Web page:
Housing Starts Declined by 11% in March

Across Canada, the total housing starts/ standalone monthly adjusted annual rate (SAAR) declined by 11% in March alone (213,865 units) compared to February (240,927 units) according to Canada Mortgage and Housing Corporation (CMHC). CMHC provides unbiased housing data, research and information to the public to offer a deeper understanding into Canada’s complicated housing crisis and to ensure Canadians stay informed on future policy decisions.

In March, the monthly SAAR of total urban housing starts (centres 10,000 population and over) dipped by 12% (192,545 units). Multi-unit starts decreased by 11% (151,769 units) in March while single-detached housing starts lowered by 16% (40,776 units). Vancouver was the only city among Toronto and Montreal to record a rise in total SAAR starts in March. In fact, Vancouver housing starts were up 98% due to double multi-unit starts built compared to February. Whereas, Montreal saw a start decline by 12% and Toronto decrease 26%.

“Despite the national decline in March, the SAAR of housing starts and the trend appear to be returning to pre-pandemic levels. With interest rates remaining high, it continues to be challenging for developers and homebuilders to get projects started. We will need to find innovative ways to deliver more housing supply to keep up with demand and ultimately improve affordability,” said Bob Dugan, CHMC’s chief economist.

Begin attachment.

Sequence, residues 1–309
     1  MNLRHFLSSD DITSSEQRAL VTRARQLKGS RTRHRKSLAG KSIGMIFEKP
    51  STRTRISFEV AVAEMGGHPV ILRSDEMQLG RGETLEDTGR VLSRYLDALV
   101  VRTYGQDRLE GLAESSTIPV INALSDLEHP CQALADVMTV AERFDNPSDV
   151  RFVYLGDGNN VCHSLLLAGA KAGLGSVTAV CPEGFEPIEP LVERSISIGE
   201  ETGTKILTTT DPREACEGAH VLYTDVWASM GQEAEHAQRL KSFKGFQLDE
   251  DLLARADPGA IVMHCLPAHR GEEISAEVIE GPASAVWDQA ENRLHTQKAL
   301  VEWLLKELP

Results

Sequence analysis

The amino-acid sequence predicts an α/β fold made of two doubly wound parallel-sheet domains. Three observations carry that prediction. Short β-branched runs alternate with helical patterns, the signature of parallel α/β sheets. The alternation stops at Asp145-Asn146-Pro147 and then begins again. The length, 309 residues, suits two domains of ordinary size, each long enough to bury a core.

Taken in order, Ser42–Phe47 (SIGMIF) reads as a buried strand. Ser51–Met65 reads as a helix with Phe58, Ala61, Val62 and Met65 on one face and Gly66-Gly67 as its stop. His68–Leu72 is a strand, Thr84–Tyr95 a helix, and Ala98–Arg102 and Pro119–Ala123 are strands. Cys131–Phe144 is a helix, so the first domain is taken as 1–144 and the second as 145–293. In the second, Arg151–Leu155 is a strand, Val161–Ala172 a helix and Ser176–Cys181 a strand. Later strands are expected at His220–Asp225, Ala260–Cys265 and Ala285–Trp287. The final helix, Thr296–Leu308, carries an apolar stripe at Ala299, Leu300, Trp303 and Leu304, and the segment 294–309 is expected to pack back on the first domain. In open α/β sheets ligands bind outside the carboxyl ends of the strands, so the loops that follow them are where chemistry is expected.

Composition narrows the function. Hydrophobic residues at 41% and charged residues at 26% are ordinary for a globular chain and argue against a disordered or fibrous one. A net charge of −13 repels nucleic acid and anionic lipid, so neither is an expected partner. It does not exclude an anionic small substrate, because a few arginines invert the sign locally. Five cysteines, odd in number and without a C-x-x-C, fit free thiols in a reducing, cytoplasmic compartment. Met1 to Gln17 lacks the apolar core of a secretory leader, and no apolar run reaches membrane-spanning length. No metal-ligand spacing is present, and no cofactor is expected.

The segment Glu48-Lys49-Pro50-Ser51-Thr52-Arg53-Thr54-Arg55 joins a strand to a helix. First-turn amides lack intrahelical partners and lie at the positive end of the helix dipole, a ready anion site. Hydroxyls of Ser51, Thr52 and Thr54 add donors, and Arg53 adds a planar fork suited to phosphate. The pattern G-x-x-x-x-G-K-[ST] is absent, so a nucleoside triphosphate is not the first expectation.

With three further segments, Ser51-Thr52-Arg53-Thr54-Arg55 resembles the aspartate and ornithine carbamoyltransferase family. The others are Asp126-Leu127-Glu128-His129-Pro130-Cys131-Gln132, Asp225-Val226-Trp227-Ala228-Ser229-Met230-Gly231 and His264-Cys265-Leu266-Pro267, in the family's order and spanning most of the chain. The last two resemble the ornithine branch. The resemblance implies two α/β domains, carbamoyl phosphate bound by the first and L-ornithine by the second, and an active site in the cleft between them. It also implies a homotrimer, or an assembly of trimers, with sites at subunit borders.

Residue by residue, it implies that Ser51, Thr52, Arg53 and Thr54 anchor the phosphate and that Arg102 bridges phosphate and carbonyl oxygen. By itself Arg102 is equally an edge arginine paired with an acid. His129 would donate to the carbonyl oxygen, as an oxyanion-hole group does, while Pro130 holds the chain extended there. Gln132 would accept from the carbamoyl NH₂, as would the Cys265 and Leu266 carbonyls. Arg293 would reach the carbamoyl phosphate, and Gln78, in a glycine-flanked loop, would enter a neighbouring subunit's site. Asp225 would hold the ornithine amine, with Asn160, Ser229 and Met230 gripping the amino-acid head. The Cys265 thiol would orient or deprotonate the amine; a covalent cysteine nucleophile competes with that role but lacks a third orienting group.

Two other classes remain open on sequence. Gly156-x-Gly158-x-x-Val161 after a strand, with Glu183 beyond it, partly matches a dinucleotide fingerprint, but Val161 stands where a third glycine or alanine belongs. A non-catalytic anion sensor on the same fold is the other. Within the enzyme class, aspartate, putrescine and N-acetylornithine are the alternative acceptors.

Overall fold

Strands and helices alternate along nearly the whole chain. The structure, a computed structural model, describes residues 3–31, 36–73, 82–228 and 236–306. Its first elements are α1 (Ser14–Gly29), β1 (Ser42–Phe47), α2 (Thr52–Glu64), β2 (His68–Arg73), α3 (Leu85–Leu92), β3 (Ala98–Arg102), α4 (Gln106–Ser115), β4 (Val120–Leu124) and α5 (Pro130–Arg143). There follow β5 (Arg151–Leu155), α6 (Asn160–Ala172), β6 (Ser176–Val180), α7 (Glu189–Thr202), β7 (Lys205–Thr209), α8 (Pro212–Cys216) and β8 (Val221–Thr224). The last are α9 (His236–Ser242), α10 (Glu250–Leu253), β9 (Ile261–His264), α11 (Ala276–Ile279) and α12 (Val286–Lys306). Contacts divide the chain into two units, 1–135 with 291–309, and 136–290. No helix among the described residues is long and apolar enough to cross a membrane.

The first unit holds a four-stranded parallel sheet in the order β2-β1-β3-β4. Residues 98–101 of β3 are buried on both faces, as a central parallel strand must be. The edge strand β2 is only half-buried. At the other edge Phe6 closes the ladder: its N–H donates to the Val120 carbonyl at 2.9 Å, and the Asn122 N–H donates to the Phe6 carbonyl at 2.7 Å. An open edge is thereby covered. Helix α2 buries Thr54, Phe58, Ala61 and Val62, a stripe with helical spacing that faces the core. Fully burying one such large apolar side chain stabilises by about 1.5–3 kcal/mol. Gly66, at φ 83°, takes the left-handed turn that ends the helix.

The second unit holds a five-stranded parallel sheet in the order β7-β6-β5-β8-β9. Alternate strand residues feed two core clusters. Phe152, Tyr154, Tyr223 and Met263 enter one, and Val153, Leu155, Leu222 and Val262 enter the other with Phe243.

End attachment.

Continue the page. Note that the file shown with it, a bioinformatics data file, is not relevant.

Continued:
Housing Starts at Weakest Place Since Pandemic

Throughout the past five years, housing starts have instability and unpredictability. The onset of the COVID-19 pandemic negatively hindered housing starts at the end of the Q1 and during the Q2 as economic uncertainty lingers on and is delaying construction projects. Lower interest rates, as a result of the pandemic, prompted an increase in residential construction.

However, in other areas, inflation has risen to record-high levels with the Bank of Canada raising its policy rate from 0.25% in March 2022 to 4.25% in December 2022, a dramatic leap. Inflation continues to linger well into 2023 with rates remaining high, which has led to housing starts dropping an additional 14.3% overall during the year. Yet, IBISWorld projects the number of housing starts will begin to increase annually by 1.1% over the five years to 2023.

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